Want To Know How 84% of the World Sees Itself: Study Theology

For the record, any mainstream coverage remarking on the purposes of theological education that might help the uninitiated understand that no, I am not biding my time until a position in the clergy opens up, is progress in my book. So an article this week by Tara Isabella Burton for The Atlantic on the value of a theological education for those without religious beliefs provided a much-needed opening in public conversation about the need for more theology programs at major universities.

But what was disappointing about Burton’s article was the missed opportunity to discuss how studying theology can inform practical disciplines that are in dire need of new approaches, instead focusing almost exclusively on theology’s function in the study of history. Burton calls theological study “an opportunity to get inside the heads of those whose beliefs and choices shaped so much of our history, and who—in the world outside the ivory tower—still shape plenty of the world today,” offering only a perfunctory nod to the 84% of the global population that has a religious affiliation.

The majority of the article is spent looking backwards, reflecting on the psyches of French monks and Byzantine mystics rather than considering that the “insight into the minds and hearts, fears and concerns, of those in circumstances [that] were so wildly different from my own” can be used to understand how the worldwide expansion of Islam and the shift of Christianity from North to South in the last century informs the political, social, and economic behaviors of believers throughout the world.

Burton does make the important distinction between studies in comparative religion and studies in theology. While the former is more important for identifying social and ethnic locations, the theological lens is the primary one through which many of the world’s citizens see themselves, as servants and reflections of the divine before all else. 

Alex Peterson, an Advancement Associate at International Relief & Development who’s currently in the ordination process with the Presbyterian Church (USA), notes: 

Religious viewpoints and attitudes affect how people interpret and interact with medicine, politics, neighbors, and money. At a macro level, religious views influence geopolitical relationships and trade relationships…Theology is an oft-neglected but invaluable vantage point from which to look at our past and current relationships…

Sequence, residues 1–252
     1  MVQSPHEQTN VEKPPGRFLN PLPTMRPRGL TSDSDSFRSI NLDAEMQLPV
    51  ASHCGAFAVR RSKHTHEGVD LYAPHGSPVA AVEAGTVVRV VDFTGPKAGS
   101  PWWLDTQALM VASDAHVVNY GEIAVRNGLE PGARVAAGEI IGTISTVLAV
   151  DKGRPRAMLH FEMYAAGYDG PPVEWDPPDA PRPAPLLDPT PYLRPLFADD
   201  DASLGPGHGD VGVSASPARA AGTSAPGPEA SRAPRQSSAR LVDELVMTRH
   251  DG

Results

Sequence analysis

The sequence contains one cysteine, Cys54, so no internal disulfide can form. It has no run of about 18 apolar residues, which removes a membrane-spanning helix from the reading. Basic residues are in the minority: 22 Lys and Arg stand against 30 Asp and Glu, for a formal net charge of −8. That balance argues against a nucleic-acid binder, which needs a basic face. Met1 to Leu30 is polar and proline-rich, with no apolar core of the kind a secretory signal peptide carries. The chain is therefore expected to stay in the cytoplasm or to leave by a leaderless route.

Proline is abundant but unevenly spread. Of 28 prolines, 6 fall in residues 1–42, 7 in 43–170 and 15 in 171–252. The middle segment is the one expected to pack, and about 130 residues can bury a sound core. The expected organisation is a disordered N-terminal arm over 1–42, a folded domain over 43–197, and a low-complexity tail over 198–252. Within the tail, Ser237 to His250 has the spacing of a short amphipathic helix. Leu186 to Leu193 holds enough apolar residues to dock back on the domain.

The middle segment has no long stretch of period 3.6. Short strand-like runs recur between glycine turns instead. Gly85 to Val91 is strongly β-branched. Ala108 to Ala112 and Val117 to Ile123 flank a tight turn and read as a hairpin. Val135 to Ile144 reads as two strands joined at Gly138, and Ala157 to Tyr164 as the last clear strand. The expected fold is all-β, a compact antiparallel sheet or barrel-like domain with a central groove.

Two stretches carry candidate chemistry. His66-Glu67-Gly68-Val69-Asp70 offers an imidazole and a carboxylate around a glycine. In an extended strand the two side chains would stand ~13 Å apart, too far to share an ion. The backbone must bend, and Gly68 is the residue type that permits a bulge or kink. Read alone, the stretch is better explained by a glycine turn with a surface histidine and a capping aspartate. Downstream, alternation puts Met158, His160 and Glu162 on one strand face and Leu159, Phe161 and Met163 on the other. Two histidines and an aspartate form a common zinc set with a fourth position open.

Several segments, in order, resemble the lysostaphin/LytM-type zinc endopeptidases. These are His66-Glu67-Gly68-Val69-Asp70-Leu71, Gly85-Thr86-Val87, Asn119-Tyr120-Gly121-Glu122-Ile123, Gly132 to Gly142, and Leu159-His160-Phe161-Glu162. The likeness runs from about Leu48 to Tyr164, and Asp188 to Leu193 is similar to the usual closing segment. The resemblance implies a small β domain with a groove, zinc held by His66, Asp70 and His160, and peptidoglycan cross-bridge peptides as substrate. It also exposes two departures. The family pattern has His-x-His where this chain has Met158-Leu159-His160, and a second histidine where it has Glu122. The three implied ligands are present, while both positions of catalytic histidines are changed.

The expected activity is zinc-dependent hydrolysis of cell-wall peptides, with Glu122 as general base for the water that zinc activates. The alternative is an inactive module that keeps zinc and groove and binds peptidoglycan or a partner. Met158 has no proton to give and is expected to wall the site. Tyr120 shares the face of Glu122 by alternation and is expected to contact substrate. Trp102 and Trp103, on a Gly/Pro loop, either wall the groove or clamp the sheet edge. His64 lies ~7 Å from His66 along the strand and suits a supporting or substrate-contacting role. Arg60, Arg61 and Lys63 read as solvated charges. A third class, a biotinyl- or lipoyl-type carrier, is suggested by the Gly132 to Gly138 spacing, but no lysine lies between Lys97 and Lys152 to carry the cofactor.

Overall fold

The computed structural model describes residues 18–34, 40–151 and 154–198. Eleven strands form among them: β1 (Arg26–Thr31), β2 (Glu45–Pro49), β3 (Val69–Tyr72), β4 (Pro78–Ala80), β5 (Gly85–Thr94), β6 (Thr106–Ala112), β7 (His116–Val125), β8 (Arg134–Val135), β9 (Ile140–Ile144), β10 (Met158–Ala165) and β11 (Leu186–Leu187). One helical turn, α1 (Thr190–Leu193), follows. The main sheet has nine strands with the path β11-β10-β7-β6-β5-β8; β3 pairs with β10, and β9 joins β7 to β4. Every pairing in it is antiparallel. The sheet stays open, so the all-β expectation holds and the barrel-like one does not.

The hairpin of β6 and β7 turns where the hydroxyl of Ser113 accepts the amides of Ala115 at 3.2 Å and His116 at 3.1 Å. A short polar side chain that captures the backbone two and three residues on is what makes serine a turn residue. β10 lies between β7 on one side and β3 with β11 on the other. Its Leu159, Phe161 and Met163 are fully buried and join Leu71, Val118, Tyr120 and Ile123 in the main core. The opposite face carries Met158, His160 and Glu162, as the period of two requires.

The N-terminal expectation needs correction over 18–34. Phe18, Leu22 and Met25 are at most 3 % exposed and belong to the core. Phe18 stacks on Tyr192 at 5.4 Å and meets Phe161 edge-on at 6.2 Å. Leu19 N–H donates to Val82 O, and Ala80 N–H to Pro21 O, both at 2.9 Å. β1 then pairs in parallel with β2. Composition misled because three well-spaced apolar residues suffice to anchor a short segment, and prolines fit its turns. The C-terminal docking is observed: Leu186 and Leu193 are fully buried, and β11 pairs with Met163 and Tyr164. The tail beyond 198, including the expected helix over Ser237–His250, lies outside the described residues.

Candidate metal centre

Broad theological questions like, “What is your purpose in creation?” and more specific ones like, “What role does God play in your understanding of your family life?” get to the heart of people’s self-perceptions and motivations in ways that, “What is your religion?” does not. Individual and group understandings of their ontological positions are ignored to everyone’s peril when we relegate theology to historical study. 

A common refrain about the inefficacy of programs designed to increase economic and political engagement is that overreliance on international charity has quashed the work ethic and entrepreneurial spirits of citizens of the global South. But if we take Burton’s theological investigation of history and apply it to our faithful neighbors, we arrive at a much less paternalistic conclusion.

“God will provide,” may seem like an empty, refrigerator-magnet platitude to the non-devout but it is a theological truth to adherents of the Prosperity Gospel in Nigeria. When a majority of Muslims worldwide believe that poverty and wealth are predestined in accordance with the Hadith of Gabriel, there are significant limitations on how effective it will be to upsell bootstrapping in business, education, and politics. Dissecting the Exodus story might be an interesting academic exercise for scholars of ancient Judaism but it is a very real reflection of the escape from political oppression to the approximately 100 million Christians just beginning to worship freely in China.

Peterson remarks that understanding everything from “the nuances of Islam’s views on women, the role of Christian doctrines in colonialism, and how the Reformation continues to influence trade relations” is integral to developing new approaches in areas like international development, conflict resolution, and economic growth. And for those who might argue that a survey course’s worth of theology is sufficient for tackling these issues, it’s important to note that nuanced and sophisticated theological notions do not require that believers have the ability to name-drop Karl Barth or Gustavo Gutiérrez Merino. The theological seeds planted by colonial influencers combined with local beliefs are too numerous and complex to grasp with only superficial theological knowledge. That motivating theologies aren’t being articulated in academic terms isn’t an indicator that they are not being understood with depth and rigor by those that believe.

Burton is right to implore non-theists to “engage with the great questions—and questioners—of history on their own terms.” But to discuss the great questions and questioners in the past tense is to suggest that the most important theological questions have already been asked and answered. Theological inquiry has present and pressing applications in the world and we would be wise not to leave all the fun to historians and the clergy. 

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